Thanks - I've been investigating and found out similar information - which brings me back to the point that the ETSI EIRP limit is too low but we'll just have to live with it and plan around it, especially, as you point out, that most client cards can't actually transmit at that level.
Thanks again.
0
 
LVL 8

Expert Comment

by:rfgkev
ID: 11735985
most of the client cards i've worked with only transmit at around 15db so as you said, the 20db limit isn't really much of an issue until you start playing with external point to point links.
0

Featured Post

Free Tool: ZipGrep

ZipGrep is a utility that can list and search zip (.war, .ear, .jar, etc) archives for text patterns, without the need to extract the archive's contents.

One of a set of tools we're offering as a way to say thank you for being a part of the community.

Question has a verified solution.

If you are experiencing a similar issue, please ask a related question

Last Mile Wireless The term last mile wireless is a bit deceptive as it can be much more than a mile. It is also called WiMax and 802.16. It generally refers to relatively short distance point-to-point / point-to-multipoint secure wireless connecti…
This article is a step by step guide on how to create a basic PTP link using Ubiquiti airOS devices. This guide can be used on the following Ubiquiti AirMAX devices. Nanostation, Bullets, AirBridge, Nanobeam, NanoBridge to name a few. Please review …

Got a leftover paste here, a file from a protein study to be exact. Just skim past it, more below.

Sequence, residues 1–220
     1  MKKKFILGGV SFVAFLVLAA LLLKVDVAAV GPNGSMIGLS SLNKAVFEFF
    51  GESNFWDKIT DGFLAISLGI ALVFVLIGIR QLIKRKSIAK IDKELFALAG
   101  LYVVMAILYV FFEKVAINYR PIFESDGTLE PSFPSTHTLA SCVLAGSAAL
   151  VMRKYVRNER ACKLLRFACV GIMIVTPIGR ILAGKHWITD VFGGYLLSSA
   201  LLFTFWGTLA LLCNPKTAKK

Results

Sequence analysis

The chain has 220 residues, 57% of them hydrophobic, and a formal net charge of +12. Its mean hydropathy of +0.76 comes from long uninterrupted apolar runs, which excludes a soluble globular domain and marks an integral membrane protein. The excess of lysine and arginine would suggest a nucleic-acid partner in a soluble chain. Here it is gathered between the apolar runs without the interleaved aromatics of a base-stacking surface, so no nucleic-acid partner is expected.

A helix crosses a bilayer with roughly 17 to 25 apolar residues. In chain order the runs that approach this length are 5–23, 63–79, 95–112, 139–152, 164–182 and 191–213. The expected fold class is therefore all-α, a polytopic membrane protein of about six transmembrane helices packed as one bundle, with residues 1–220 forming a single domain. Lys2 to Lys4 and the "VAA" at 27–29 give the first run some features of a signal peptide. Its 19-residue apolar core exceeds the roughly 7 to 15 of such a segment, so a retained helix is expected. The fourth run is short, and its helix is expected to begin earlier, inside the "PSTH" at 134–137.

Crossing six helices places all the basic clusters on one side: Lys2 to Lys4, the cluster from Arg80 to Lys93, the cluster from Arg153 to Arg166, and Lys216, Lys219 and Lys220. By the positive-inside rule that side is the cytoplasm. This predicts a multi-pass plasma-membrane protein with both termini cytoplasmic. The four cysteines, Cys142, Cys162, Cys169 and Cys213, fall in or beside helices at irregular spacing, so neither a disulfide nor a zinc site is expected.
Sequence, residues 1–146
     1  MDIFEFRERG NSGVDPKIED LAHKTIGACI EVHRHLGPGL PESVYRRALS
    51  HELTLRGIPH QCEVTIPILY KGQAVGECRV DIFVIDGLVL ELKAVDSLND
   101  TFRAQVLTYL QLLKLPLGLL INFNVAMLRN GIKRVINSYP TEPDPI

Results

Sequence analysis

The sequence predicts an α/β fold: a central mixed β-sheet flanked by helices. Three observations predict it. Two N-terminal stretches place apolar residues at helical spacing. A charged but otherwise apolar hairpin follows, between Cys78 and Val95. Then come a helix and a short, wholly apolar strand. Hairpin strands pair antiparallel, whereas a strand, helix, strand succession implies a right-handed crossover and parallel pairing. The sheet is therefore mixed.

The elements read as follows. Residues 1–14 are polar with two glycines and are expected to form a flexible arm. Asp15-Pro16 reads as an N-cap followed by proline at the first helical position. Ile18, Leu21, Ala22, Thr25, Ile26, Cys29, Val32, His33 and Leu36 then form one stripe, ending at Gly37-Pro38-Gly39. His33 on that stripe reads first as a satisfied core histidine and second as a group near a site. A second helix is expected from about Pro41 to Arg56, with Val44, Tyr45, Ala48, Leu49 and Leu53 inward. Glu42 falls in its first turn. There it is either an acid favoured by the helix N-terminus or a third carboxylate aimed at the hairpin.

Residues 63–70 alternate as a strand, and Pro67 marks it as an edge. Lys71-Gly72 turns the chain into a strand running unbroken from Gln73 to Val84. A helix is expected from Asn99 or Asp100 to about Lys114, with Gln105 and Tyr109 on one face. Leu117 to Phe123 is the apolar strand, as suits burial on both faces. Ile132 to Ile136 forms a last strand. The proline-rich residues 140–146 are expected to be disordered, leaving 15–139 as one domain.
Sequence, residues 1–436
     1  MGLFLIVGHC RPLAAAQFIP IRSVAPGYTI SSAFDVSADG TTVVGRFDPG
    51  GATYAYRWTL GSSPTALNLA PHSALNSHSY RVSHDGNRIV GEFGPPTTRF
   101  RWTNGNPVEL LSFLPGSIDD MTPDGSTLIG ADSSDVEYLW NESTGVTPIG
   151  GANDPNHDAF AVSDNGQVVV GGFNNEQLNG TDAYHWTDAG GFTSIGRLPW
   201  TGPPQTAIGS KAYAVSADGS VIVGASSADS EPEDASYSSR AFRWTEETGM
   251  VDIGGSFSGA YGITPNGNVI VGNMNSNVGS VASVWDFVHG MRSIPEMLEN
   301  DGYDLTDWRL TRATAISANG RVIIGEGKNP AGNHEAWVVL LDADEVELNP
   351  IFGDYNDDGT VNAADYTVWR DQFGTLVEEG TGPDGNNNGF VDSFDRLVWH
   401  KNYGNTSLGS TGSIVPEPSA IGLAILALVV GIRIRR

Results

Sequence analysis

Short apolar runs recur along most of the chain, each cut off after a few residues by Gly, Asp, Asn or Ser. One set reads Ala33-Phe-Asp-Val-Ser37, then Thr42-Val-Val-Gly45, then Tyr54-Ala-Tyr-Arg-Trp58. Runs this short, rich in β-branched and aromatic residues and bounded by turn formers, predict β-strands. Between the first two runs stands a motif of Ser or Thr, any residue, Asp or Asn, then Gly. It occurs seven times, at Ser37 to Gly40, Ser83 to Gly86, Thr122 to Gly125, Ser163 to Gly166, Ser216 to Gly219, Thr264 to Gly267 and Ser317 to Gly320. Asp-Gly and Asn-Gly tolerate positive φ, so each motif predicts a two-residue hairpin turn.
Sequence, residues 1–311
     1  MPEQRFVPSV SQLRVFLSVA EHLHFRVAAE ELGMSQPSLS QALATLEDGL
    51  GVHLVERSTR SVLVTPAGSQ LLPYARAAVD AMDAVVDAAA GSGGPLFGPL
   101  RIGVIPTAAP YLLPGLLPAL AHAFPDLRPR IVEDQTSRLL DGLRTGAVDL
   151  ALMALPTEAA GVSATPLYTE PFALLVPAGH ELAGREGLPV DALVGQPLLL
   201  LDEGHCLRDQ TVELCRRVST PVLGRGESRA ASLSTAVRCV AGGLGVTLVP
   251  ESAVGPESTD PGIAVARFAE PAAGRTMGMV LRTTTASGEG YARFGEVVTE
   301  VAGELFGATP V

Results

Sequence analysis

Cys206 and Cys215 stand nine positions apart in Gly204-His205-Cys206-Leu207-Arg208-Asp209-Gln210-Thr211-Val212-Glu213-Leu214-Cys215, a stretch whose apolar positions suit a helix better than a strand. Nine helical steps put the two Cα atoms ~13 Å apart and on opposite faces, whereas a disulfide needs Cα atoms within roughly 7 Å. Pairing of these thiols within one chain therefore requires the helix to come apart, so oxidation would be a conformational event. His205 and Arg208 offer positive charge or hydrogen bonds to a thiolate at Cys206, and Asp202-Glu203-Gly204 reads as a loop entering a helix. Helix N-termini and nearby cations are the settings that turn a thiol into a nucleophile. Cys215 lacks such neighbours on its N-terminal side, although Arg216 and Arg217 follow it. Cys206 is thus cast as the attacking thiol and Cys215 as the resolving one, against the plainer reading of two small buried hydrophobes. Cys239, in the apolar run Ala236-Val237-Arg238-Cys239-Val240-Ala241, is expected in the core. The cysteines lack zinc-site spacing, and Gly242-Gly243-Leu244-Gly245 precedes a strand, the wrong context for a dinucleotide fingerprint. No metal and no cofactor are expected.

Have you created a query with information for a calendar? ... and then, abra-cadabra, the calendar is done?! I am going to show you how to make that happen. Visualize your data!  ... really see it To use the code to create a calendar from a q…
In response to a need for security and privacy, and to continue fostering an environment members can turn to for support, solutions, and education, Experts Exchange has created anonymous question capabilities. This new feature is available to our Pr…

670 members asked questions and received personalized solutions in the past 7 days.

Join the community of 500,000 technology professionals and ask your questions.

Join & Ask a Question